This is where prospects are considering making a purchase. During this stage, they might engage with your sales team to discuss prices and onboarding support, and may also require a demo. Developers will have evaluated all options and are ready to choose a SaaS solution.

📌 Examples of things you can do at this stage:

  • Create urgency with time-bound discounts or special offers.
  • Send tailored follow-up messages to address developers’ unique concerns and reiterate your value proposition.
  • Use personalized email sequences to nurture leads, answering questions and addressing concerns.

📈 Metrics you should track:

  • Sales cycle length: the average amount of time from initial contact with a prospect to closing the deal (i.e., how long it takes to move a lead from the top of the SaaS sales funnel to the bottom).
  • Email open rates: the percentage of people who open an email from your campaign. To calculate it, divide the number of emails opened by the total number of emails sent, and subtract the ones that bounced.
  • Conversion rates: the percentage of users who complete an action, which could be trial sign-ups, purchases, or downloads.

13 SaaS marketing metrics to track in 2023
How can you know whether developers are engaging with your product? And if they aren’t, what can be improved? Fortunately, you can answer these and other similar questions with SaaS marketing metrics.

4. Purchase

This stage is when prospects finally become customers by buying your SaaS product – typically, this means signing up for a paid subscription plan.

📌 Examples of things you can do in this stage:

  • Provide onboarding support to help developers get started with your product. This can be welcome emails, personalized training, or access to key resources.
  • Send immediate purchase confirmation and ‘thank you’ emails, as well as messages that provide next steps and helpful resources.
  • Streamline the purchasing process to avoid card abandonment; for this, offer different payment options, eliminate surprise costs, simplify forms, etc.

📈 Metrics you should track:

  • Revenue: represents the total income from customer subscriptions to your product.
  • Number of new customers: the total number of new customers acquired over a specific time period (daily, monthly, quarterly, or annually).
  • Average purchase value: average total of every order placed over a specific period of time, calculated by dividing the total revenue by the number of orders/purchases.

5. Retention

This is often overlooked, but it’s still a key stage to consider in your SaaS sales funnel. SaaS often operates on a subscription model, so it’s crucial to keep developers happy and engaged to prevent churn.

📌 Examples of things you can do in this stage:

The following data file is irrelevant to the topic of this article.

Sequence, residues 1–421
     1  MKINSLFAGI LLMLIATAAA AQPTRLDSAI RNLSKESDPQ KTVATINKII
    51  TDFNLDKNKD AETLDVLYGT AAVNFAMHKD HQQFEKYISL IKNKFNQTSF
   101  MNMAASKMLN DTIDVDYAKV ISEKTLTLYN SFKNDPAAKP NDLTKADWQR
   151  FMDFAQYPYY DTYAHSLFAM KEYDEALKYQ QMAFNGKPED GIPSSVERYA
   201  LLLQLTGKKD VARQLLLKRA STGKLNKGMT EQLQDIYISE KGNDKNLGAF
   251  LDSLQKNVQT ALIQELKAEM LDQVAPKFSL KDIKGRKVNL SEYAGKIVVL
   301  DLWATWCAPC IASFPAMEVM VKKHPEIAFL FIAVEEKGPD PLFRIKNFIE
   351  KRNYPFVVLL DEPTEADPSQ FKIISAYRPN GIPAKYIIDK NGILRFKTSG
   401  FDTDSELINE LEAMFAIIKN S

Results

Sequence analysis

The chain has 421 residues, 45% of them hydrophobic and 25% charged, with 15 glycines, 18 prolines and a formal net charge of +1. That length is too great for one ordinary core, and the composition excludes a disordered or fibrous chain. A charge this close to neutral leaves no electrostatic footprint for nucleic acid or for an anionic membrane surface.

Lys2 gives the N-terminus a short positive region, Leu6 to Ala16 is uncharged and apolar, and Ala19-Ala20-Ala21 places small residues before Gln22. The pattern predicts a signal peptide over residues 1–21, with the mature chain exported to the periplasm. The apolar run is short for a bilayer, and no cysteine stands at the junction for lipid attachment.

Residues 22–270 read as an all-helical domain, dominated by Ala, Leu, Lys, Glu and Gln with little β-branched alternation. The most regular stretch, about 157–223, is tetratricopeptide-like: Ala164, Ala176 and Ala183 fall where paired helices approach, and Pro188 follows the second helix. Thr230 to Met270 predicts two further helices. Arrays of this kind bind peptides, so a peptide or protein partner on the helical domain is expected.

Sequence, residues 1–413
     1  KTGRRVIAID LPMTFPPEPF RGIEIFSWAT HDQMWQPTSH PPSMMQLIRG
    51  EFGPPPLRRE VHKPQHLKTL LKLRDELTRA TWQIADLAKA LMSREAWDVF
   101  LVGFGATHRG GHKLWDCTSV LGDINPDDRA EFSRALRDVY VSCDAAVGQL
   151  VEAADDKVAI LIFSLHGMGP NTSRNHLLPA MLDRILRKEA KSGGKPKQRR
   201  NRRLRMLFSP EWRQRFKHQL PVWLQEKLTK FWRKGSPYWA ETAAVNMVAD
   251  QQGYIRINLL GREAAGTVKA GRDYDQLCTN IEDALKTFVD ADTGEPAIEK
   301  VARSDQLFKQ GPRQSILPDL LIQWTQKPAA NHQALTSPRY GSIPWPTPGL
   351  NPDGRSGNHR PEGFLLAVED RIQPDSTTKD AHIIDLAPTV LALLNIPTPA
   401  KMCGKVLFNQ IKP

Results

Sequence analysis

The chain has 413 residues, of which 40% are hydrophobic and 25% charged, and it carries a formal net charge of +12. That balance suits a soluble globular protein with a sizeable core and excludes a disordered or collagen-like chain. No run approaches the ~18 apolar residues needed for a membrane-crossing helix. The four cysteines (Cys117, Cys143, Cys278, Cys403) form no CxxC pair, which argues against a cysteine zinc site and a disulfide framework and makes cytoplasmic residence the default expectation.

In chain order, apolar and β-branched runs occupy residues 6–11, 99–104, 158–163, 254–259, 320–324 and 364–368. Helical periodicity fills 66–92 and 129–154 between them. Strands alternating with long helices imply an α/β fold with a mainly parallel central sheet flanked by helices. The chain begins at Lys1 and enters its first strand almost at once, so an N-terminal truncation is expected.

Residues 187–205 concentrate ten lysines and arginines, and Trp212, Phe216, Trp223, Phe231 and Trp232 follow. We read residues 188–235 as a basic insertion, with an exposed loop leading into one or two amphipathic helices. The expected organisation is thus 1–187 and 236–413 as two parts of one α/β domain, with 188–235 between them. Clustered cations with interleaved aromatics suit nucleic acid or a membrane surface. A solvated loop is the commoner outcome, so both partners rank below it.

• Offer excellent post-purchase service to help developers resolve any issues they encounter.
  • Provide ongoing resources, like webinars, tutorials, and knowledge-based articles to help developers make the most of your SaaS product.
  • Reach out to customers to ask for feedback, offer help, or share new updates and/or features.

📈 Metrics you should track:

  • Churn rate: percentage rate at which developers stop subscribing to your SaaS product.
  • Customer satisfaction score (CSAT): tracks how satisfied customers are with your product.
  • Customer lifetime value (CLTV): total revenue you can expect from a single customer account.

What are the top product marketing metrics and KPIs you should be measuring?
Product marketing metrics are crucial for companies and teams to measure their performance and progress towards their goals.

6. Upsell/cross-sell

Once customers are satisfied and have been using your product for a while, there may be opportunities to upsell (upgrade developers to a more expensive plan with more features) or cross-sell (offer them another product that complements the one they already have).

📌 Examples of things you can do in this stage:

  • Based on usage data, you can suggest additional features or products via personalized recommendations that can bring developers more value.
  • Provide exclusive offers and deals to existing customers.
  • Showcase the benefits of premium features to encourage upgrades.

📈 Metrics you should track:

  • Upsell/cross-sell conversion rate: measures the effectiveness of your upselling and cross-selling strategies, and it’s calculated by dividing the number of successful upsells/cross-sells by the total number of opportunities.
  • Average transaction value: measures the average total of every sale per customer over a given period of time.
  • Product penetration rate: percentage of your total potential market that has purchased a product.

7. Advocacy

When customers are happy, they tend to become advocates for your product. They may leave positive reviews, refer other developers, and even serve as case studies or leave testimonials. This stage feeds into the awareness stage, and helps to create a cycle of attracting and retaining customers.

📌 Examples of things you can do in this stage:

  • Develop a referral program that rewards developers (with discounts or free months of product) for referring your product to others and encourages them to spread the word.